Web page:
Automotive cybersecurity regulation imposes lifetime obligation on car makers

In just six short months, a major new cybersecurity obligation will hit the automotive industry in the shape of a UN mandated regulation. I wanted to share some thoughts about its significant potential impact for car makers and the obligations to ensure the cybersecurity of their vehicles. Regulation shapes not only what we have to do (as an industry) but also how quickly we have to move to make it happen.

The new regulation from the United Nations Economic and Social Council, WP.29/GRVA (The Working Party on Automated/Autonomous and Connected Vehicles) is due to go live in January 2021. And frankly, that’s not very far in the future….considering the average development time for new cars.

What this means to car makers (the OEMs: the big brands in the car world, in other words) is that they will be automatically and ultimately responsible for the cybersecurity of a vehicle, not only at the point of sale or throughout its warranty period, but throughout its entire lifecycle. And that’s where this new regulation is a significant and important shift.

Failure to gain, or maintain, WP.29/GRVA certification would result in the vehicle manufacturer losing market access within signatory countries.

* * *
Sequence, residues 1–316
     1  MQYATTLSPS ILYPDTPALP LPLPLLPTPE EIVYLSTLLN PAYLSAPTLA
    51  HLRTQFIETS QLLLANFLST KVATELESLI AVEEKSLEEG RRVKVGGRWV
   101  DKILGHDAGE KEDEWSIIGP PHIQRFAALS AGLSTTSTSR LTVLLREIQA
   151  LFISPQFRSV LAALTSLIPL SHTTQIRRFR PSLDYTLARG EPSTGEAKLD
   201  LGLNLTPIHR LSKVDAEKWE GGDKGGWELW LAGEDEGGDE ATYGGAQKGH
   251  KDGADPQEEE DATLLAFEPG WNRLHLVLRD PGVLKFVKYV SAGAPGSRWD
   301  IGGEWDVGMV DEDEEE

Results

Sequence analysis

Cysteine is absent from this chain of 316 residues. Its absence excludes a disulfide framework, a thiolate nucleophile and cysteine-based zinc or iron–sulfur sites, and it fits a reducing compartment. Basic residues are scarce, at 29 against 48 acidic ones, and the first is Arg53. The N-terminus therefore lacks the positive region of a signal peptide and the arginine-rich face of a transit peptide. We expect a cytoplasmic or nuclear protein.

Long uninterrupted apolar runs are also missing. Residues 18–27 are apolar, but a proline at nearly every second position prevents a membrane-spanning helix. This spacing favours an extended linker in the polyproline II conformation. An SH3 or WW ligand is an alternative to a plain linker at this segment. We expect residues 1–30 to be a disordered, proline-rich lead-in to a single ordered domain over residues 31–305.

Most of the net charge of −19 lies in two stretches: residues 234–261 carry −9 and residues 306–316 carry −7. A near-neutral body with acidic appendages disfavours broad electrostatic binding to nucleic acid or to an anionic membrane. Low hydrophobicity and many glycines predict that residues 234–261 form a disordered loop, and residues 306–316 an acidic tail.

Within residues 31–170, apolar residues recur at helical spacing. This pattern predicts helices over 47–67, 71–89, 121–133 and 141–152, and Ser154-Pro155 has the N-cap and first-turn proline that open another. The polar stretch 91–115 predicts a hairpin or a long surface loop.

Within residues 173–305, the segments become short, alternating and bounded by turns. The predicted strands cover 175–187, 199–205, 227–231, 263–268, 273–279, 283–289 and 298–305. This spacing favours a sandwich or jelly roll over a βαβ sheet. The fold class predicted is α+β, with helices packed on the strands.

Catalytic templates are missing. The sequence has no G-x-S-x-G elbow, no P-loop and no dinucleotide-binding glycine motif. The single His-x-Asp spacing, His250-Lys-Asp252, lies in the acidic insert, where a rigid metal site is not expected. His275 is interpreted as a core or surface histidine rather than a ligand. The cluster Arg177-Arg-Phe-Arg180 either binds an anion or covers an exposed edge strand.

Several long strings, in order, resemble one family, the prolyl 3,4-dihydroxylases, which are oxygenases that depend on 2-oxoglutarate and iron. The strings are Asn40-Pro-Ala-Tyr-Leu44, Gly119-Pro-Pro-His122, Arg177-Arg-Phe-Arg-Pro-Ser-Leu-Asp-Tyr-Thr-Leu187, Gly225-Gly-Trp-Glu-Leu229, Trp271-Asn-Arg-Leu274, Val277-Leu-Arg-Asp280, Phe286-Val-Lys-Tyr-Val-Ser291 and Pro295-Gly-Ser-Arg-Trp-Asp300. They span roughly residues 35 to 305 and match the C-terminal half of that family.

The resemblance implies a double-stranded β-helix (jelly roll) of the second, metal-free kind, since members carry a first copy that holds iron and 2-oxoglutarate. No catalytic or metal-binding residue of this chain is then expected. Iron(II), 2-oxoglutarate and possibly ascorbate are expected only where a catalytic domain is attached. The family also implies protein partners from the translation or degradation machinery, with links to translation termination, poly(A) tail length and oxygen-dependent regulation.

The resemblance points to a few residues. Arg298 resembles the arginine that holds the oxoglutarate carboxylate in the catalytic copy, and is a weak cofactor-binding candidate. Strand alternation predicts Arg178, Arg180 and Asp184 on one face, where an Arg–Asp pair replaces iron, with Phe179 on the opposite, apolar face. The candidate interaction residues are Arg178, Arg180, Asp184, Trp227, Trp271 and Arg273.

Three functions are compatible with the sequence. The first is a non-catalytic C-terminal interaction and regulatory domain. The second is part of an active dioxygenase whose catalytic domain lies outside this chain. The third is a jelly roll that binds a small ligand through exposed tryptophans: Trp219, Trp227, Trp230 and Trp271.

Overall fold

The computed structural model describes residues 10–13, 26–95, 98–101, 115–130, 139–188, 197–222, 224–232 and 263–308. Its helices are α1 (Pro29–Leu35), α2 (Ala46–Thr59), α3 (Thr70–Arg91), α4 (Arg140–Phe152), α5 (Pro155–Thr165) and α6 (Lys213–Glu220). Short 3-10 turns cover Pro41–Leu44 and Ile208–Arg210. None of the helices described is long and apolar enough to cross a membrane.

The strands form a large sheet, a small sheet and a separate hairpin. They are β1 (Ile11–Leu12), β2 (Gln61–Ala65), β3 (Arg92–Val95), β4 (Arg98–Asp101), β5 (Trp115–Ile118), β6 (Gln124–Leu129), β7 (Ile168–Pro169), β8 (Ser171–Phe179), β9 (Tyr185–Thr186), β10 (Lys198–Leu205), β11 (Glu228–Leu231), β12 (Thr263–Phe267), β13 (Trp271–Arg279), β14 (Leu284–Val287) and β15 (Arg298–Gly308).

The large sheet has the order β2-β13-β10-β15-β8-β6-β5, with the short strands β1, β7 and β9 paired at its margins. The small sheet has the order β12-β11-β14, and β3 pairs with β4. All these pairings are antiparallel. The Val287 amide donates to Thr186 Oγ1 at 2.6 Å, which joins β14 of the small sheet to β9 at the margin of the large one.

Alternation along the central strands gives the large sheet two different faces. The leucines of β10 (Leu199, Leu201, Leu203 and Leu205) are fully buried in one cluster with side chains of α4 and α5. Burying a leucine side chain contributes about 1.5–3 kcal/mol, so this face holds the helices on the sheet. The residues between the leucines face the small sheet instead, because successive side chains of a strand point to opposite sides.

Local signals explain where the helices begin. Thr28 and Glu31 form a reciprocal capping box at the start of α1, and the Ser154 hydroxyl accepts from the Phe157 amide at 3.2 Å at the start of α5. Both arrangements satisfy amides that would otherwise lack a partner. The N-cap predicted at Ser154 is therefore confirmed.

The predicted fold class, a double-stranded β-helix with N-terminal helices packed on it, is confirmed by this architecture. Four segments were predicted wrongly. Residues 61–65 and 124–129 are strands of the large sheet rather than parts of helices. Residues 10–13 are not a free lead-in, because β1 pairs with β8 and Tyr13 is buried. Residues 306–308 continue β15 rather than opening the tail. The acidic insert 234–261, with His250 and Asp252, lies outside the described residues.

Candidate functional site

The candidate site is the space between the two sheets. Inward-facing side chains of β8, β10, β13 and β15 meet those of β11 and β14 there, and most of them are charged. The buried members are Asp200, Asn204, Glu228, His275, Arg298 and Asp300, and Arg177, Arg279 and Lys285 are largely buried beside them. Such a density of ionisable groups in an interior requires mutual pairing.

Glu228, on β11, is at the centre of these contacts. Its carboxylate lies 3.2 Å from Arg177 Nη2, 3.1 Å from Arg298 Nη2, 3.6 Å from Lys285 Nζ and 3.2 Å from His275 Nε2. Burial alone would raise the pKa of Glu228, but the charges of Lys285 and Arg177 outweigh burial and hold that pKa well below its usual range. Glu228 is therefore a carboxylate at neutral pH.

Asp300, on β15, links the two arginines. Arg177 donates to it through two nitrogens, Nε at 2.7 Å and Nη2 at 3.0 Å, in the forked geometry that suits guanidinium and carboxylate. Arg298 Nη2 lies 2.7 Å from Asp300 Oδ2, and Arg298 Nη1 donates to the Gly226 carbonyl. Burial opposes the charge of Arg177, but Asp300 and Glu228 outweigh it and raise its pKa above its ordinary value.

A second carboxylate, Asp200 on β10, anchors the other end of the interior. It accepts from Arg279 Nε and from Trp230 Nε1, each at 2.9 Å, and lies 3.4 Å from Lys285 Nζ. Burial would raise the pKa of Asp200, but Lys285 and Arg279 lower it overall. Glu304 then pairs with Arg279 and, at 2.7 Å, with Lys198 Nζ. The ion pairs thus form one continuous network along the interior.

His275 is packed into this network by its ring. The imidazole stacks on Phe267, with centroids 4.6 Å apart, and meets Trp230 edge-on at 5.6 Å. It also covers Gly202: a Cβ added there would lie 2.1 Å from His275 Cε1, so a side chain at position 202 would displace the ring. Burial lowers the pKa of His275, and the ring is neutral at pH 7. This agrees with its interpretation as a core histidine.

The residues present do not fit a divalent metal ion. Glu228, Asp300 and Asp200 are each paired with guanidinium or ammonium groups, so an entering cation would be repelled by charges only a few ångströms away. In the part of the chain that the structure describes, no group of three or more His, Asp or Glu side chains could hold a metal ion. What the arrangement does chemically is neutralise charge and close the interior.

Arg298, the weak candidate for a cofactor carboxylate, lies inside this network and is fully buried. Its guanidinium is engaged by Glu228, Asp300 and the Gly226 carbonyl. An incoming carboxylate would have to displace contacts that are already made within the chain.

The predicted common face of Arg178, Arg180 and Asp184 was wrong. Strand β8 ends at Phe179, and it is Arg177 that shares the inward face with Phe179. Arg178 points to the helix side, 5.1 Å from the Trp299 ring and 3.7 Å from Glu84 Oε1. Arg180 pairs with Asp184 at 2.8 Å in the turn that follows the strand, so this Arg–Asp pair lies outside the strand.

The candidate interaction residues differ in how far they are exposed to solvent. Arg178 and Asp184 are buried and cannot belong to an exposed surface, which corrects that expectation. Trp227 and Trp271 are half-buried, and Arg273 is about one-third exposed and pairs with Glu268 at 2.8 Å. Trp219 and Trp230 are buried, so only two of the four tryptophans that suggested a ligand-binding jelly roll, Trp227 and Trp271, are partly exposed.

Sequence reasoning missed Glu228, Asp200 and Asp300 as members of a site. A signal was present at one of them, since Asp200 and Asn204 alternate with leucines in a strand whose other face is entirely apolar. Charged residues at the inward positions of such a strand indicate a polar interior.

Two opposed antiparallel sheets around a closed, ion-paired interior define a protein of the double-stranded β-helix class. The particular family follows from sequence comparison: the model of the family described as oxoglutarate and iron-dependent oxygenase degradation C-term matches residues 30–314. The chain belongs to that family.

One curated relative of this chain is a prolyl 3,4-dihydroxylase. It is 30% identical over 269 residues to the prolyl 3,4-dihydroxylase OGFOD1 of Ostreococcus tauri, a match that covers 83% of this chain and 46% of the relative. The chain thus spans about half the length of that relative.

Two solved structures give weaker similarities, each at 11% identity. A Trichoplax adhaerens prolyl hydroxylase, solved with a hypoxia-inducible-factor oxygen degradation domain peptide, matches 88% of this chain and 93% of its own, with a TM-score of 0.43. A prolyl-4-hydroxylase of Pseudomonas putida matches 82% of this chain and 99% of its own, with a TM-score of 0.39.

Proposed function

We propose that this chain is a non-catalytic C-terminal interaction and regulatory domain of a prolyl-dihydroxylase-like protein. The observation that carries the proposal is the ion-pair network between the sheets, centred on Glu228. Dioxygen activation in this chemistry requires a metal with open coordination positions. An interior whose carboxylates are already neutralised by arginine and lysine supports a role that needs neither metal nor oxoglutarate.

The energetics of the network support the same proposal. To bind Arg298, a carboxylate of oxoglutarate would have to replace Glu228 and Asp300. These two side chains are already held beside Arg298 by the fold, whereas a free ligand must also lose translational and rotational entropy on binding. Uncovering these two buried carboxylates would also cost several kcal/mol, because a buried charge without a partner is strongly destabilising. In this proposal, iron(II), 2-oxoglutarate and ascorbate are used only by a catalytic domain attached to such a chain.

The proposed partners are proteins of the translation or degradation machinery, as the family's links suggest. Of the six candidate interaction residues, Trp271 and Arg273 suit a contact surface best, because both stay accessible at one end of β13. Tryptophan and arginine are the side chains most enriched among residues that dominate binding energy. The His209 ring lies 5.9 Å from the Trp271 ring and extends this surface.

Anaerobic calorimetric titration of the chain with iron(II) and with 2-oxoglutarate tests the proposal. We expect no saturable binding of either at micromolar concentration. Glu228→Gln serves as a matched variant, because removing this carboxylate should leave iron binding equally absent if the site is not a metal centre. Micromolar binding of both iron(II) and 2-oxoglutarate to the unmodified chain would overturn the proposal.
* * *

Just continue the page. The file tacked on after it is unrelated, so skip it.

The work of the GRVA relates closely to ISO 21434 and ISO 26262 standards which also address cybersecurity and safety in vehicles – and how these ultimately impact vehicle design and passenger safety.

Once it’s in place, WP.29/GRVA will benefit consumers and – if approached correctly – the industry. Recent years have demonstrated the potentially ruinous costs associated with vehicle recalls (both to balance sheets and to corporate reputations): US recalls alone cost the industry $22 billion in 2016.

This will shift the emphasis from firefighting and expensive recalls, to prevention; but to minimise the financial impact of the introduction of GRVA, car makers must start preparing for compliance immediately – and that could mean looking at protecting vehicles already in production.

This upcoming regulation reinforces the need for projects such as Secure-CAV.  Many of the mandatory requirements have a direct solution under development as part of the Secure-CAV consortium to help automotive OEMs achieve both compliance and functional cyber-resilience. One example of this is the CAN Bus Sentry which protects the in-vehicle message infrastructure by detecting and tackling rogue CAN frames. Frames that contravene normal operation or have inappropriate origin can be neutralised or modified. This is real-time, in-life, detection and mitigation of cyber threats to automotive systems, and is likely to be pivotal to gaining GRVA certification.

Although the responsibility of the regulations falls ultimately on the shoulders of the vehicle manufacturer, it requires the entire industry to support and comply with it – and in particular, it’s the underlying technologies that hold the secret to compliance. Industry consortia like Secure-CAV, and innovative technologies such as hardware-based security are set to be an important part of that effort.

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